There are enough Web sites, smartphone apps and other devices for tracking your daily diet and exercise to make your head spin. And now, with the introduction of the USDA’s new program, there’s one more.

As a smaller-government kind of gal, I didn’t have high hopes for this site; I generally think the private sector does a fine job of providing this kind of service. But I have to say I am pleasantly surprised. The SuperTracker, which is based on the government's dietary guidelines, is user-friendly, informative and graphically clean.

It takes just a minute to register on the site; as you work your way deeper into your personal plan, the site asks for more detailed information about your goals and preferences. But it’s not cumbersome, and each step along the way provides a new layer of useful information. For instance, as soon as I typed in my current weight, age, gender and exercise and weight-loss goals, the site told me how many calories I can consume -- including how many I can spend on “empty” calories (very, very few) -- and then displayed a screen offering a day’s food choices from each food group that fit within that calorie count. Not a miracle, but a nice, smooth process nonetheless.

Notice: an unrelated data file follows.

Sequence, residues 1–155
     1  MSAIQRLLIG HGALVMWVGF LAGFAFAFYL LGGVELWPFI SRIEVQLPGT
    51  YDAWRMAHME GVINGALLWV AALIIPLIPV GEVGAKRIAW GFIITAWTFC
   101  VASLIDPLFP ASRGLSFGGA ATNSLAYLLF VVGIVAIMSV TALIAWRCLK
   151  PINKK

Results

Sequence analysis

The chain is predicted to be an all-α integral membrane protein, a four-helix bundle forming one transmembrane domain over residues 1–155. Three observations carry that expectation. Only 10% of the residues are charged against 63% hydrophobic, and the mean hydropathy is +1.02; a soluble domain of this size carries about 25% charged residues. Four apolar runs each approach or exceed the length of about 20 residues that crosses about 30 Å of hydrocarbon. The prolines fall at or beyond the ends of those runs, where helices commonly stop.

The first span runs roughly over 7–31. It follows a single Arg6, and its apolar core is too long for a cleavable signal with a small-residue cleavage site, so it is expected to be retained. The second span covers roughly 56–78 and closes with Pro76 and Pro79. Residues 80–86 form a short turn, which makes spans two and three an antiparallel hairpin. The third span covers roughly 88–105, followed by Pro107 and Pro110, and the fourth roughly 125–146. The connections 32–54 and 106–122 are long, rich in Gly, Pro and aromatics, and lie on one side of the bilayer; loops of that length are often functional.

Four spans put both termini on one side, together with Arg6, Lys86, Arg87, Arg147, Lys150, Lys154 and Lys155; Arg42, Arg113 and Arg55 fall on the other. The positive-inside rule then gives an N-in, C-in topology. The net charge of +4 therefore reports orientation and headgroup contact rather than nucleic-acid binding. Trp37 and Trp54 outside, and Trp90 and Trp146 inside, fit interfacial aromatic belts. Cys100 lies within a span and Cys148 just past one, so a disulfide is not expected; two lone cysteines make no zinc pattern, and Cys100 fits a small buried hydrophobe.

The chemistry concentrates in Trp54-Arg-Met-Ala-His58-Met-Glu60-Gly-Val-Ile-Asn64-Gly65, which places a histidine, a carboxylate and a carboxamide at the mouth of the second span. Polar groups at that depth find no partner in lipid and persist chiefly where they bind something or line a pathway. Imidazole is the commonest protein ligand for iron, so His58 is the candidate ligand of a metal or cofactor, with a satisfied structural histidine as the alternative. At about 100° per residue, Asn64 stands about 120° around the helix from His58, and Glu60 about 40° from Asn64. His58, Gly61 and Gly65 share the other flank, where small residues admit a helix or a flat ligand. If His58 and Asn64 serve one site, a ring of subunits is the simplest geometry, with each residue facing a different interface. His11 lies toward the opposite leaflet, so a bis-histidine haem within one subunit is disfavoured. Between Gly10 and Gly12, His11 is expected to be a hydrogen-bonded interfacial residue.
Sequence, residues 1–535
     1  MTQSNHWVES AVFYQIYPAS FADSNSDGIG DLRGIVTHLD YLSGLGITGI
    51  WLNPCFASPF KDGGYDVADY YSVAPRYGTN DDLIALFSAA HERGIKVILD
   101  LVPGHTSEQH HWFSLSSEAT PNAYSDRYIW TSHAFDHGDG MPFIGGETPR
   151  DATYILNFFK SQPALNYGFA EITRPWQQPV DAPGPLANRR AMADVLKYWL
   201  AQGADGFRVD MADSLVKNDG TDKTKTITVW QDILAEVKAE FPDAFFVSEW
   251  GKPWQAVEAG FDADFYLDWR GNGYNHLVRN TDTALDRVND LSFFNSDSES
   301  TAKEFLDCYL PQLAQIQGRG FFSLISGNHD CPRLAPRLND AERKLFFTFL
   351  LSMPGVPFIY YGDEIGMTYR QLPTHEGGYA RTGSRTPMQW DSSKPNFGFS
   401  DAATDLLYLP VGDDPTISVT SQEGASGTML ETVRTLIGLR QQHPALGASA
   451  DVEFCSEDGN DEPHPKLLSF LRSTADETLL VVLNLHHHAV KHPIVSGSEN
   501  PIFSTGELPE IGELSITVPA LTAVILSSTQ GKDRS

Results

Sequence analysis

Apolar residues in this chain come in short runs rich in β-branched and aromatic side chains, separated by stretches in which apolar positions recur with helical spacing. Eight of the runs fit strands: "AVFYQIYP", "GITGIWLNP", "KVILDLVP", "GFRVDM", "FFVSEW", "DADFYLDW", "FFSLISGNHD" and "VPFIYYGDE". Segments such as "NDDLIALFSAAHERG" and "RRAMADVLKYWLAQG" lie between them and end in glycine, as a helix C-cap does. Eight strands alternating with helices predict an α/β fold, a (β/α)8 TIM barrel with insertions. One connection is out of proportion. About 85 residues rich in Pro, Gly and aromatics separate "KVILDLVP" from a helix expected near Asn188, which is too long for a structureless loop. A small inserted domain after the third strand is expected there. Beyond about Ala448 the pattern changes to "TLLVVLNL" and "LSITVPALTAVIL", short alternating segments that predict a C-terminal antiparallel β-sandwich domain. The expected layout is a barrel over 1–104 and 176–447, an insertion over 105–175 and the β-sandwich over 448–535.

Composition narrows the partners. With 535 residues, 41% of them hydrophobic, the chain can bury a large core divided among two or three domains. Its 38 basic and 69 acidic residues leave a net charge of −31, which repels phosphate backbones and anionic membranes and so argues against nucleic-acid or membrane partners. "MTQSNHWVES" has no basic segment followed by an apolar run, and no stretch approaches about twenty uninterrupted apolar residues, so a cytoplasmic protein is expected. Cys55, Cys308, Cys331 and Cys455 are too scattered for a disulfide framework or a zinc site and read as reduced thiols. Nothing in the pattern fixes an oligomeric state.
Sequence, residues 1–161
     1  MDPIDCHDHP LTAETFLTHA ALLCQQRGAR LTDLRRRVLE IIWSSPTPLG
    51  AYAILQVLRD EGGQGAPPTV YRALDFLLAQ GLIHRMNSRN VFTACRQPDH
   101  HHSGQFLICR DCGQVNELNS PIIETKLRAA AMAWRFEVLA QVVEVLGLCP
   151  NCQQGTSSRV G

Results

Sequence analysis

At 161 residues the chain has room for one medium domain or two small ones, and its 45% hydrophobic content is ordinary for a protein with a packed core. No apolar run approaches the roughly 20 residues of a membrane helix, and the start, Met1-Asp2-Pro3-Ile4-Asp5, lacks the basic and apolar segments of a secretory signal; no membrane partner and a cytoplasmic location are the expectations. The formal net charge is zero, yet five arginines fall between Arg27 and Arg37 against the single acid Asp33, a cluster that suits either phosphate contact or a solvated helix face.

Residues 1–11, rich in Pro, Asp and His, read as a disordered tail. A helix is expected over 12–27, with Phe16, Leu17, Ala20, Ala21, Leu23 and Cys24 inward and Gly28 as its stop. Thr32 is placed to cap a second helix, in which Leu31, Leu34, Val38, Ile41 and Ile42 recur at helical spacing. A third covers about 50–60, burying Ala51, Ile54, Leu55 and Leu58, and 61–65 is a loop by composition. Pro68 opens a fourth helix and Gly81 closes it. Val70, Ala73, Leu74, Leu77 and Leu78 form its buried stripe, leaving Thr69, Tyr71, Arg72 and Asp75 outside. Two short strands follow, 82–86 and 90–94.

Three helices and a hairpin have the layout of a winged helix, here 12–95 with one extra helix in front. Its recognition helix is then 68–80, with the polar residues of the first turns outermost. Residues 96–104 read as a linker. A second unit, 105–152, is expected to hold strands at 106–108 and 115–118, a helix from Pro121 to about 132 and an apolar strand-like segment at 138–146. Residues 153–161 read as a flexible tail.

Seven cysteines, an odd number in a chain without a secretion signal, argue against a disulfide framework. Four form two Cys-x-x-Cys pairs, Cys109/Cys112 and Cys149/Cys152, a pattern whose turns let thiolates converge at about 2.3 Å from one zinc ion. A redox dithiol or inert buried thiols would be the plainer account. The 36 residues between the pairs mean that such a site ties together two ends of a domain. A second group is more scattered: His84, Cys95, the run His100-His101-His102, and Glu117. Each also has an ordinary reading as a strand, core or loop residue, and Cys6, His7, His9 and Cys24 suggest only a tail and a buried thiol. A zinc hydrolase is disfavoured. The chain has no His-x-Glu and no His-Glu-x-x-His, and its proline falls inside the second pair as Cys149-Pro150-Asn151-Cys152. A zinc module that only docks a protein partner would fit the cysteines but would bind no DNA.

The nutrition information is limited to the 8,000-odd foods listed in the USDA’s food database, but many other programs use that database, too. People with special dietary needs and preferences may need to play around with the site a bit to make it work best for them.

And of course, there’s room to quibble with the dietary guidelines themselves; some feel that certain food groups are unduly emphasized and others given short shrift. But at least it’s a comprehensive plan, a good place to start, even if you decide to tweak your own diet along the way.

As I have written recently, I no longer wish to obsess over calories and my workout schedule. But that doesn’t mean I plan to stop paying attention altogether. I can see using this Web site to help keep my eating and exercise organized without wasting much time worrying about it. And though nothing that’s taxpayer-supported is technically “free,” you don’t have to pay to use this tool.

I’d appreciate hearing from any readers who try the SuperTracker -- especially those who have experience with other diet-management sites. How does the government’s effort stack up?